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Printmaking inks


Are your Caligo Safe Wash inks toxic?

The inks have been comprehensively reviewed by an independent toxicologist and are considered “non-toxic” in accordance with the ACMI “Approved Product” (AP) seal, more info about the ACMI seal can be found here.


What is the best way to store my inks/paints?

Oil based inks and paints dry through a reaction with oxygen.  Keep your tubes and tins in a cool location away from heat and direct sunlight. Reduce the access of air by cleaning threads on tubes, replace caps quickly and firmly. For tins, skim ink from the surface (don’t dig out big chunks), don’t mix/stir the ink in the tin, cover the ink surface with an airtight seal, seal the lid with airtight tape. Don’t return unused ink back to the tin. 

How do I clean up using Caligo Safe Wash inks?

Caligo Safe Wash can be cleaned up a number of ways using soapy water.
Our standard advice is:
  1. Remove excess ink with a rag or by rolling onto old newspaper or similar.
  2. Apply liquid soap/detergent directly onto the inky surfaces with a rag, clean brush or a soft sponge. 
  3. Wipe away the ink-soap mixture with a damp sponge or a paper towel and rinse with fresh water. Carefully dry all surfaces before storage. 

Note: Only use cold water, not hot.  Using water alone (no soap) may leave ink residue on surfaces. 


Ink, How can I speed up drying times?

Drying is influenced by a wide range of factors.  Principle factors to promote drying include; warm air, low relative humidity, good airflow, exposure to light, use of driers like “Cranfield’s Printmakers Wax Drier”, and use of non-acidic papers. Other factors such as the thickness of ink, sizing of the paper, absorbency of the paper, recycled content will also influence drying.

My block areas of colour are printing patchy. How do I improve the transfer of my relief inks?

The many different papers used by printmakers means there is variation in how well an ink transfers. An unsized absorbent paper will usually take the ink very well, but sized and glossier papers can often result in ink preferring to remain on the block/lino/plate.  To help with the transfer reduce the tack by adding a little low viscosity linseed oil (Safe Wash oil for Safe Wash ranges) or Cranfield’s Wiping Compound and Tack Reducer.

Are your inks suitable for printing on textiles/fabric?

Our printmaking inks are not specifically designed for printing on fabric, however; some printmakers have experimented with our Caligo Safe Wash Relief and Traditional Relief inks and are happy with the results.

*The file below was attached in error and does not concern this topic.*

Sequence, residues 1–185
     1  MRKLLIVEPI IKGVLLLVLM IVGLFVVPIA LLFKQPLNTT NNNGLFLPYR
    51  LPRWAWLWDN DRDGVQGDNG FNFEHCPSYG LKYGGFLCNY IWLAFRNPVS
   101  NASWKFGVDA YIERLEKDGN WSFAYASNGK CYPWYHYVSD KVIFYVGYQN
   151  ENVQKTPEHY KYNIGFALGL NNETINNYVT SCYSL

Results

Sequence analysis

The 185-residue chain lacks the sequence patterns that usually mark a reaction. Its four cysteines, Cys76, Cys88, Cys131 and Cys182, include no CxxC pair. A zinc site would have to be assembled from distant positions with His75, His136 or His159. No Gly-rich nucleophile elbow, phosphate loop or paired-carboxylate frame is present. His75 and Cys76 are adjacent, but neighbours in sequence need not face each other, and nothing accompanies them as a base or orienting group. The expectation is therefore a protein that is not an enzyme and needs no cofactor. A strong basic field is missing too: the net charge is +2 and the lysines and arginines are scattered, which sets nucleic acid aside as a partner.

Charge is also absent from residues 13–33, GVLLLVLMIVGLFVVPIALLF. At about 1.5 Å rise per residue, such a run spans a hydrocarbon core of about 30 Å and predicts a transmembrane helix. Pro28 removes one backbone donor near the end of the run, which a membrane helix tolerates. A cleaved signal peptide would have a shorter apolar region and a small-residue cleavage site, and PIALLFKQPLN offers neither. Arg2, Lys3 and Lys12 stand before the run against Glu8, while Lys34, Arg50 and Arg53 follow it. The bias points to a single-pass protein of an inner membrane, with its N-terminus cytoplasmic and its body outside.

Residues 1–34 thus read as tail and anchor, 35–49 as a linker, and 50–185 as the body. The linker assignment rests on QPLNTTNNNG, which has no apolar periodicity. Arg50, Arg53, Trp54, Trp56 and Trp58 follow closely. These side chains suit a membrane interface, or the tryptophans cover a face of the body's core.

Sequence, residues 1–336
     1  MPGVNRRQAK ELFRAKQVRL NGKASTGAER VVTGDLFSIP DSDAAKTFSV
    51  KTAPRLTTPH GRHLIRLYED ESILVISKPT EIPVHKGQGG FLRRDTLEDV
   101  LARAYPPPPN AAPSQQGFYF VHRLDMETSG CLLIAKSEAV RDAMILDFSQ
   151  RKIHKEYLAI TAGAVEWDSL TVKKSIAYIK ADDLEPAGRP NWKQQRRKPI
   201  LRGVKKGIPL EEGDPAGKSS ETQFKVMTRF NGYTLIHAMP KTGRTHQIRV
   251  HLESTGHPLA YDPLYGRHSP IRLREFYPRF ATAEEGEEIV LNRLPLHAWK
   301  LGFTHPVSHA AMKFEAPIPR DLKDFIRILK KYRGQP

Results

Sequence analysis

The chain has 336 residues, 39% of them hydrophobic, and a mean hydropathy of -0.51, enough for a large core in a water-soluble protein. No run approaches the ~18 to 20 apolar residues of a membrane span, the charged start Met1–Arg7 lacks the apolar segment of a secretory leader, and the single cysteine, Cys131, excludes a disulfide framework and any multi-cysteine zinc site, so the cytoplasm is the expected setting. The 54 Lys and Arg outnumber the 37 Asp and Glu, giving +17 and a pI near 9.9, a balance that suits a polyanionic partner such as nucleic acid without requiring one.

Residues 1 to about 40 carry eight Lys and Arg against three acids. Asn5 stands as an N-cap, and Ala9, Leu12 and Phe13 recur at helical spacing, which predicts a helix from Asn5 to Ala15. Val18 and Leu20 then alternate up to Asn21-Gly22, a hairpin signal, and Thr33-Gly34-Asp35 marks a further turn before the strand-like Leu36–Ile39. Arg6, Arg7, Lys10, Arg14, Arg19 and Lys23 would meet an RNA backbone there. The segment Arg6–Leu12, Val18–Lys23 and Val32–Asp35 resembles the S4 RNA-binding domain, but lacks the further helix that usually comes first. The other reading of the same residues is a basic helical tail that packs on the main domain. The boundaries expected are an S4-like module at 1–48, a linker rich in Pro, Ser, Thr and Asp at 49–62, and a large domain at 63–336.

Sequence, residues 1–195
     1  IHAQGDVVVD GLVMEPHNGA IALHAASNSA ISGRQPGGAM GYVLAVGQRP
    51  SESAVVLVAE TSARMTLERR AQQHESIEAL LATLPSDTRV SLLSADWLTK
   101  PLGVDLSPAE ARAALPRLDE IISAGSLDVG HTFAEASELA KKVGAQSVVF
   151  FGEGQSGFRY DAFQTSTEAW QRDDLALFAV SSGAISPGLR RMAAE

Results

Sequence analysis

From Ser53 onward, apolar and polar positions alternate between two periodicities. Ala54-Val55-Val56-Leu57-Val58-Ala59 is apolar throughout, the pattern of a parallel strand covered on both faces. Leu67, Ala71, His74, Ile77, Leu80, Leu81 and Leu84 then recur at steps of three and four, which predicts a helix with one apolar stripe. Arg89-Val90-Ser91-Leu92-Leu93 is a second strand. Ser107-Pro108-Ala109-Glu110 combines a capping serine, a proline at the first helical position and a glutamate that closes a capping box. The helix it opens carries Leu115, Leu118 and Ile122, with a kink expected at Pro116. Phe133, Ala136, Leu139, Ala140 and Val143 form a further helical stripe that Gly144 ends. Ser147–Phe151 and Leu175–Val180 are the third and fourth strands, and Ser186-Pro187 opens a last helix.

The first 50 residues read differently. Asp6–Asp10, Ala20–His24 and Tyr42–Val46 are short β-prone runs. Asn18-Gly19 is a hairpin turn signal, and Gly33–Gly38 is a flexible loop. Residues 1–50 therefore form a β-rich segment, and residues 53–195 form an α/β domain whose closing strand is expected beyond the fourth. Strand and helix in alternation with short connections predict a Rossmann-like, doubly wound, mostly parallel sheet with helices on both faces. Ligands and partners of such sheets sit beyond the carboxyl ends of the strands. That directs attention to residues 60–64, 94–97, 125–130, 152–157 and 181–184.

The fabric should be washed first to remove any starches or treatments that may be present, and to resolve any dimensional instability in the material. When washing use a maximum 40DegC.

As these inks are not “heat set” like dedicated fabric inks often are, there’s no fast way to ready the inks for washing.  The inks can benefit from warmer temperatures, low humidity and plenty of air flow.

The biggest advice is to experiment and test first to see what works with your particular fabric and print designs.

For more information download our Caligo Relief fabric printing guide.

fabric printing guide

Are Cranfield inks suitable for vegans?

Here at Cranfield we do not carry out any animal testing on products nor do we require it from any of our raw material suppliers. We spend time auditing our supply chain to ensure this remains the case. Generally our raw material portfolio is either derived from vegetable or mineral sources or is synthetically produced.

The exception to this rule are:

The historic formulation BK1824. As the name suggests, Traditional Etching Bone Black contains pigment derived from animal bone.

The metallic colour Gold, Silver & Copper of the Traditional ranges which contain <1% tallow.

As a first time user how do I use Caligo Safe Wash Relief inks?

Please refer to our Caligo Safe Wash Relief inks guide here >


What does a paint ‘series number’ signify?

The series numbers do not refer to the quality, but the costs of the pigment. Rather than having 49 different prices within a range, the colours are grouped into five or six price groups or series. High Series numbers do not always mean an obviously ‘better’ paint. Sometimes there is a clear link between pigment price and measurable quality attributes such as light fastness, but sometimes the price simply reflects political unrest in the area where it is produced, raw material shortages or the fact that the pigment is only made in small quantities.

Why is it good to use paints with only one or two pigments (where possible)?

The reason why single (or two colourants) are better than mixes of three, four or five pigments is purity. You will recall from school days that when you add several powder paints together…. you end up with brown! In a similar manner, if you mix two paints that each contain three pigments, you have six pigments in the mix before you have even put brush to canvas. Even if the colour is accurate enough, it will lack vibrancy and will appear grubby.

What is the difference between Spectragel, Spectraflow & Alkaflow?

All these mediums will increase translucency and speed up drying.  Spectragel products will retain plenty of structure when mixed with paint whilst brushstrokes and body will remain the same. Matt Spectragel will reduce gloss where the standard version will maintain or increase gloss.

Spectraflow and Alkaflow will both increase the flow of paint, reducing brushstrokes. Spectraflow will offer a softer, silky gloss, whereas Alkaflow will provide a high gloss.

Body / viscosity

Gloss level

Matt Spectragel








Silk/soft gloss